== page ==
Macro photography is a term used for close up photos. It is a term applied to most close up photos but should actually only be applied to photos which have a 1:1 or closer magnification.
Macro is a great area of photography as you can take macro shots where ever you are. Find small details of larger objects to create abstract looking images, or maybe you want to take pictures of creepy crawlies like spiders and beetles (my favourite subject) or maybe close ups of flowers.
However, you do need the right equipment to do it properly.
Depending on your budget and the type of camera you use, there are many ways to achieve a suitable magnification for close up images. The ideal solution is an SLR or dSLR with a dedicated macro lens. This lens will have the 1:1 capability built in and the lens will be good quality designed for this purpose. These lenses can be expensive though, costing several hundred pounds new, although there are a few bargains to be had via auction sites like ebay. Having the all in one solution reduces the hassle and you can concentrate on taking the picture.
An alternative to a dedicated macro lens is to use extension tubes. These go between the camera body and the lens on an SLR or dSLR, they don’t have any glass in them, but they allow you to focus a lot closer than the standard lens would normally. So let’s say you had a good quality 50mm lens, but it didn’t focus particularly close so you couldn’t use it for close up work. If you added 50mm of extension tubes between the body and the lens, effectively moving the lens 50mm further away from the sensor you would get a 1:1 magnification ratio and would be able to focus very close to the subject. You don’t want to add too much extension though as it can put extra strain on the lens and lens mount.
A cheaper way to achieve close up capability is to use the various diopters that are available to screw onto the front of your lens. These are like the filters you buy, such as UV filters or polarisers, but are designed to allow closer focus. You can also stack these, so maybe you want a +2 and a +4 to get really close up, or you could just use the +2 on it’s own. You have to remember though that each one you add to the front of the lens adds an extra piece of glass. Too many extra pieces of glass can have a detrimental effect to your image, so don’t go mad with them. It is a cheap option though, especially if you can find them in a camera shop’s bargain bin!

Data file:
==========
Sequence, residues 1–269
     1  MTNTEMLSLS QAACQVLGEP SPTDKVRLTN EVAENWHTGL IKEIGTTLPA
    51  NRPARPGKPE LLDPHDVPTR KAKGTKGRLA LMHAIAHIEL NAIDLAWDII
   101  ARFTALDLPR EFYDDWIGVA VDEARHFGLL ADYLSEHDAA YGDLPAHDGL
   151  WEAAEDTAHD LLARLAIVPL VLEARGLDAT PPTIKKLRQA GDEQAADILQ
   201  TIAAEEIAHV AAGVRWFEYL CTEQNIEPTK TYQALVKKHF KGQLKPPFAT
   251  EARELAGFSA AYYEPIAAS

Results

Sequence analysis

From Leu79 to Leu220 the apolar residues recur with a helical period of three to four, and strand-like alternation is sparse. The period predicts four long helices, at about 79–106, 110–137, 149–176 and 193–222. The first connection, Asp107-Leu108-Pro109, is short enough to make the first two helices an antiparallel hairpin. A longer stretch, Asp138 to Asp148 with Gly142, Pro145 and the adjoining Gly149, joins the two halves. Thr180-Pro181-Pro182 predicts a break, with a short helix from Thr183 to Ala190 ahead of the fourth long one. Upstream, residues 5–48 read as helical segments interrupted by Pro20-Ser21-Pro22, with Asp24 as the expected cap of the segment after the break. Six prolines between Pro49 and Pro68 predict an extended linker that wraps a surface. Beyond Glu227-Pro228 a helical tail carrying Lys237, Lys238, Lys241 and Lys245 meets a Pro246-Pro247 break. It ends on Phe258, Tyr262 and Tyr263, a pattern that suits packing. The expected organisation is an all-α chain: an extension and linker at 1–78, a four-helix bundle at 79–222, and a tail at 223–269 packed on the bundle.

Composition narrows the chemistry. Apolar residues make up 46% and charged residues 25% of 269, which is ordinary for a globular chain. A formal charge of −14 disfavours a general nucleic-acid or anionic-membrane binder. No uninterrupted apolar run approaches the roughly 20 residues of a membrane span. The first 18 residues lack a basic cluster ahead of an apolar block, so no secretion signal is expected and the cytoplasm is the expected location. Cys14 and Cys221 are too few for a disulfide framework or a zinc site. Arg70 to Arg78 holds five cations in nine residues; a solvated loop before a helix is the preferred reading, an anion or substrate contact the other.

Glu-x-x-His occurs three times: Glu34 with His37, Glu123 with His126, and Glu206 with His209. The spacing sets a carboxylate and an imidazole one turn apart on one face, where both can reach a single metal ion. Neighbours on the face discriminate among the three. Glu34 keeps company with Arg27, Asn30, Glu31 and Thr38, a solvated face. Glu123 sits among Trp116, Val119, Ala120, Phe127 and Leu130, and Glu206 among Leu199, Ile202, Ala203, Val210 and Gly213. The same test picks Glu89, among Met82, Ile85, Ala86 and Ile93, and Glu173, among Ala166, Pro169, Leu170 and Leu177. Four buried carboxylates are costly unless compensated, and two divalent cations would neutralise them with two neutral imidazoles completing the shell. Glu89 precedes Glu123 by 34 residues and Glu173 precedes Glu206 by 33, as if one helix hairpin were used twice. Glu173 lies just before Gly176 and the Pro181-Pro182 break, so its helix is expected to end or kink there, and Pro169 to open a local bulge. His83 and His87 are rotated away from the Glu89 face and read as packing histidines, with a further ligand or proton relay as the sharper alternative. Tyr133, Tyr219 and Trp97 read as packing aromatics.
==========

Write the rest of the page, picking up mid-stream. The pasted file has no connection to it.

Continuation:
Another way to achieve good macro capability is to reverse one lens onto the front of another lens. So if you already have a decent 200mm lens and a decent 50mm lens, you could fix the 50mm onto the front of the 200mm with the filter threads facing each other to give a 4:1 magnification ratio which is very high, but the possibilities with this type of arrangement are very good as different combinations can be used to achieve different results. The adapters are cheap too.
So what if you don’t have an SLR or dSLR and can’t add anything in between the body and lens? Well the diopter route is an option and so is the reversing a lens route although you may have to be a bit creative with how to connect the lenses together. See if you camera has a macro mode too, usually a little yellow flower appears on the screen, as that can help you get closer. Several point and shoot cameras are great for macro, especially the Nikon Coolpix 4500 which I used for a while before upgrading to a dSLR.
When you are actually taking the close up shots you will need to keep the camera totally still, so a tripod or a beanbag is essential. You will also need to be patient, especially with insects as they are very quick, so get used to the settings which work best on your camera so you are able to get the shot quickly when you need to.
Depth of field is also going to be more obvious. Being that close up you will need to use a small aperture to make sure you get a suitably large area in focus, although you can also use aperture creatively to pick out one area.